Through the ages, people have reported what have been termed "mystical" experiences. Using a series of interviews and thoughtful analyses, Horgan explores the full spectrum of contemporary thinking about these phenomena. The stage is set with Huston Smith's account of the perennial philosophy about these events, the postmodern approaches of Bernard McGinn and Steven Katz, and the cosmic systematizing of Ken Wilbur. This is followed by the more scientifically oriented approaches of Andrew Newberg, Michael Persinger, and Susan Blackmore. James Austin, Stanislav Grof, Alexander Shulgin, and Terence McKenna represent a miscellany that includes such different approaches as Zen, psychiatry, and psychedelic shamanism. Along the way readers are introduced to cultural solipsism, crazy wisdom, holy fools, entheogenic (mind-altering) experiences, the Ayahuasca plant, and a "God Machine." The author seems ideally suited to his task. His firsthand experience with many of the phenomena discussed qualifies him as a true seeker. But, being a former senior writer for Scientific American, he is at the same time hard-nosed, skeptical, and quick to point out the shortcomings of wishful thinking, self-delusion, and sloppy science. A refreshingly rational and informative examination of mysticism and a strong addition to any library collection. ^BSumming Up: Highly recommended. General readers; lower-division undergraduates through professionals. R. M. Davis Albion College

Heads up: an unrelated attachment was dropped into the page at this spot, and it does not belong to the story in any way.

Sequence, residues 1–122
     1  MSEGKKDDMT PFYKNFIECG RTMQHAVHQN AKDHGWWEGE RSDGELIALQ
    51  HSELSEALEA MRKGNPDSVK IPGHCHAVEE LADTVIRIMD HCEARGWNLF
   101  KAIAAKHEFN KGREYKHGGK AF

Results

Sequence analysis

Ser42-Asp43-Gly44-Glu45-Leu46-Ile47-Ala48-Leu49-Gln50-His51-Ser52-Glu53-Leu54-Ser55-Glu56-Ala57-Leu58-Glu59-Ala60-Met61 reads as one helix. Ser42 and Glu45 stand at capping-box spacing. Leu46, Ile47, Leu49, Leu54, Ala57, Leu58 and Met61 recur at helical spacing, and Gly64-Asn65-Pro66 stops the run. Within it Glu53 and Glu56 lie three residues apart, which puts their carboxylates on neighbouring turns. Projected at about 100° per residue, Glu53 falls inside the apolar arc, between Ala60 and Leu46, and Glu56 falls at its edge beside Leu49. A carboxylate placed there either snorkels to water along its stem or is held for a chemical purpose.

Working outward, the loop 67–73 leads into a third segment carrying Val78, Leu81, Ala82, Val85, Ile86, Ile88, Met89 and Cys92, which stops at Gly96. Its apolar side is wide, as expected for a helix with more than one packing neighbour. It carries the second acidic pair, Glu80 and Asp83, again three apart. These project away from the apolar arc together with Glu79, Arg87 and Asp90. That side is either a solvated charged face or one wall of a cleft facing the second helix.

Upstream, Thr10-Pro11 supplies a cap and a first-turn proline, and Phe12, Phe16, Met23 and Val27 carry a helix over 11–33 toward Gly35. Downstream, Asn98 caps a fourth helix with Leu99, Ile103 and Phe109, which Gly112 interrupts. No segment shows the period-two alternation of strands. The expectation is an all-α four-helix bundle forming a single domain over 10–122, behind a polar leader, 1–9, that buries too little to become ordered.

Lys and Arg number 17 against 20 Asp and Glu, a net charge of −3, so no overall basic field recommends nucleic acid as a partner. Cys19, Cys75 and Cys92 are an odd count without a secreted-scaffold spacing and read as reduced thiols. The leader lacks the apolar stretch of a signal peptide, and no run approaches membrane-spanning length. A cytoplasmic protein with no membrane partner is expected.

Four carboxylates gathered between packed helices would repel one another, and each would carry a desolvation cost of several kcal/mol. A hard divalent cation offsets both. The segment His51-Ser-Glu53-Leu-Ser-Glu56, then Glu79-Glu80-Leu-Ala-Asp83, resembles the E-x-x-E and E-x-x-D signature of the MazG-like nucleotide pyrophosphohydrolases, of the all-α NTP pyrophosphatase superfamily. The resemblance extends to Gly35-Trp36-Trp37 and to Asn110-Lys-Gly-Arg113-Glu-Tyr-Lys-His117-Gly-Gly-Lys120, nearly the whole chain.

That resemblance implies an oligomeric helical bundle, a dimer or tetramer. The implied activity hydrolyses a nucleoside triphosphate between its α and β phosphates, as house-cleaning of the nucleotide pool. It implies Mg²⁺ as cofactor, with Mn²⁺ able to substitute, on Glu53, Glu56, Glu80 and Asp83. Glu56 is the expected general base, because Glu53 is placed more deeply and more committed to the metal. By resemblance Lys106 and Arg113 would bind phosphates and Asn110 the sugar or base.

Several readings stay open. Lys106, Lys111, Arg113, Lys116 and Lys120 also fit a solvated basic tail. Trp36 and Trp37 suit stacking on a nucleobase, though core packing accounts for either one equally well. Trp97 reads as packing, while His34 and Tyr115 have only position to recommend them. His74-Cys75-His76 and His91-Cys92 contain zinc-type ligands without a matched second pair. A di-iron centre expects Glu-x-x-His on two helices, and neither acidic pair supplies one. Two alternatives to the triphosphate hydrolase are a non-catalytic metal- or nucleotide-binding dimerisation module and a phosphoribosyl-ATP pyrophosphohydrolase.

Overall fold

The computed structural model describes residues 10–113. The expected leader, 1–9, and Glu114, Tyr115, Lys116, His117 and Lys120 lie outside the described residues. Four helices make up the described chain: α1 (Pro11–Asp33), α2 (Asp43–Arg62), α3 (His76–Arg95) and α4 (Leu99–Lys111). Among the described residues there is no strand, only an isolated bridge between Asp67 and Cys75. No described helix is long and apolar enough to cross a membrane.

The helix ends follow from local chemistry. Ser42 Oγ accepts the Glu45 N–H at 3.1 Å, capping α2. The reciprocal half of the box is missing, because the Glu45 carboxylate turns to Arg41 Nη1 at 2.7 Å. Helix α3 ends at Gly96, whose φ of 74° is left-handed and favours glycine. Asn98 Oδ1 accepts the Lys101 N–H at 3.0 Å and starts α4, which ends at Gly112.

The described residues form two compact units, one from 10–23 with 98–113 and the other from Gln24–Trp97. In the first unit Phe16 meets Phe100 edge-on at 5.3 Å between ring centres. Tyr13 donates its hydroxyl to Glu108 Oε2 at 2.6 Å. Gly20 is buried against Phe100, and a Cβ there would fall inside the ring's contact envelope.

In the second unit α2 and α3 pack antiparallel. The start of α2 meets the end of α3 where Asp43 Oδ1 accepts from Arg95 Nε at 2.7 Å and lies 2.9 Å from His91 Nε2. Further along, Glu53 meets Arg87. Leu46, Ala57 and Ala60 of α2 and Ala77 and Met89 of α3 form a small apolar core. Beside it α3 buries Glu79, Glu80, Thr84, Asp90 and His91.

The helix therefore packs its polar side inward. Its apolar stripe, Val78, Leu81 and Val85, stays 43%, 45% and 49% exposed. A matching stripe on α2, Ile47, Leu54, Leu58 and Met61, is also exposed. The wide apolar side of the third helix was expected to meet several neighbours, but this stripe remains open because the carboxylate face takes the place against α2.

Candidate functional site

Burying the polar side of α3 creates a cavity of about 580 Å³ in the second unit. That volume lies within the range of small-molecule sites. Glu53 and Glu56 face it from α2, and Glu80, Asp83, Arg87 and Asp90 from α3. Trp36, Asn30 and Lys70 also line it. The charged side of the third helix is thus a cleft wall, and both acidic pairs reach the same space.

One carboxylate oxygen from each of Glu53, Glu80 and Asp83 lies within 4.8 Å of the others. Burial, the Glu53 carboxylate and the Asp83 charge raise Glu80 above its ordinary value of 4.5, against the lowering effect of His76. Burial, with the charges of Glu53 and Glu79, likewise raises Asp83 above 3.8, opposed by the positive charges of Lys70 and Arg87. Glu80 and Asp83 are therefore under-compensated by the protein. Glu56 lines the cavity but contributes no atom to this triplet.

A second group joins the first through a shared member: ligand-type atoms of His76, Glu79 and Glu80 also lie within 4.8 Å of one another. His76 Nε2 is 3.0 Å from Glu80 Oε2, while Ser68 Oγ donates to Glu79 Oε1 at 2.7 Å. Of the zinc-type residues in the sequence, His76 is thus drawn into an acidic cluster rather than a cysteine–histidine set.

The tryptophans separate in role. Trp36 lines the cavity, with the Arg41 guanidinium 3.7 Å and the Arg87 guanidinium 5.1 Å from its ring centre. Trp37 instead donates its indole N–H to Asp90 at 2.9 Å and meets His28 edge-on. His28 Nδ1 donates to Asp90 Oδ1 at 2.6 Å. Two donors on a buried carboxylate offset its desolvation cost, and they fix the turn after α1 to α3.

Library Journal Review

Horgan (The End of Science) has written an informative, critical, and by turns fascinating and disturbing examination of the relationship between drug use and mystical experience. The relationship between the quest for truth and enlightenment, on the one hand, and the ingestion of psychedelic drugs like LSD, mescaline, psilocybin, marijuana, and ayahuasca, on the other, is an ancient and seemingly endless one. Horgan focuses on the diverse beliefs, controversial experiments, and personal experiences of several major advocates of research into mysticism: Steven Katz, Andrew Newberg, Huston Smith, and Ken Wilber. Of particular interest are the science-oriented ideas of James Austin, Susan Blackmore, Michael Persinger, and Franz Vollenweider. Religious themes range from the influence of science on spirituality to the dangerous steps that an individual will take to experience God or cosmic unity. For many informed readers, this book will neither discredit scientific materialism nor verify the objective value of mystical experience; instead, it clearly demonstrates the direct relationship between chemical influence on the human brain and having a mystical experience. Recommended for all large academic and public science collections.-H. James Birx, Canisius Coll., Buffalo, NY (c) Copyright 2010. Library Journals LLC, a wholly owned subsidiary of Media Source, Inc. No redistribution permitted.